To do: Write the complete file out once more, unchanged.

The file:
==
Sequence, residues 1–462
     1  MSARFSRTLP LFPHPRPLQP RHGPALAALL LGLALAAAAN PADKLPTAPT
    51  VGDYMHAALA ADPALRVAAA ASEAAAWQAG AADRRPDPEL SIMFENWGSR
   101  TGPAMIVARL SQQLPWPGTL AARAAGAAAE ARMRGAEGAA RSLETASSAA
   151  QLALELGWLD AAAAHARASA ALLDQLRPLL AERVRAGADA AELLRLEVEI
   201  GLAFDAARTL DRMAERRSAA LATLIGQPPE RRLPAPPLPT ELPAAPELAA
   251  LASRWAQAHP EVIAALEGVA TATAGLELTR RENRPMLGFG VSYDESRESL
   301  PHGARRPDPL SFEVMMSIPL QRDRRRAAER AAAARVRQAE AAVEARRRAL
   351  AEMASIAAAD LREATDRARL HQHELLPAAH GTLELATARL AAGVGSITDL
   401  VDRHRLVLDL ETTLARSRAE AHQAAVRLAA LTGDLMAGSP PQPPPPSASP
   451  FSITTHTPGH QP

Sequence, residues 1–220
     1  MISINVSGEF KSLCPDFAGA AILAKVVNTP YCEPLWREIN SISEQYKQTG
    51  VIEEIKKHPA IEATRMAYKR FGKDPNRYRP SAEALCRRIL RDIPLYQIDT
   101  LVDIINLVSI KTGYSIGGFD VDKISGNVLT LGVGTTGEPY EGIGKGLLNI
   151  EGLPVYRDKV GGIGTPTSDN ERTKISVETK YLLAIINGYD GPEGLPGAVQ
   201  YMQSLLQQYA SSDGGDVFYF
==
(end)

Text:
Sequence, residues 1–462
     1  MSARFSRTLP LFPHPRPLQP RHGPALAALL LGLALAAAAN PADKLPTAPT
    51  VGDYMHAALA ADPALRVAAA ASEAAAWQAG AADRRPDPEL SIMFENWGSR
   101  TGPAMIVARL SQQLPWPGTL AARAAGAAAE ARMRGAEGAA RSLETASSAA
   151  QLALELGWLD AAAAHARASA ALLDQLRPLL AERVRAGADA AELLRLEVEI
   201  GLAFDAARTL DRMAERRSAA LATLIGQPPE RRLPAPPLPT ELPAAPELAA
   251  LASRWAQAHP EVIAALEGVA TATAGLELTR RENRPMLGFG VSYDESRESL
   301  PHGARRPDPL SFEVMMSIPL QRDRRRAAER AAAARVRQAE AAVEARRRAL
   351  AEMASIAAAD LREATDRARL HQHELLPAAH GTLELATARL AAGVGSITDL
   401  VDRHRLVLDL ETTLARSRAE AHQAAVRLAA LTGDLMAGSP PQPPPPSASP
   451  FSITTHTPGH QP

Sequence, residues 1–220
     1  MISINVSGEF KSLCPDFAGA AILAKVVNTP YCEPLWREIN SISEQYKQTG
    51  VIEEIKKHPA IEATRMAYKR FGKDPNRYRP SAEALCRRIL RDIPLYQIDT
   101  LVDIINLVSI KTGYSIGGFD VDKISGNVLT LGVGTTGEPY EGIGKGLLNI
   151  EGLPVYRDKV GGIGTPTSDN ERTKISVETK YLLAIINGYD GPEGLPGAVQ
   201  YMQSLLQQYA SSDGGDVFYF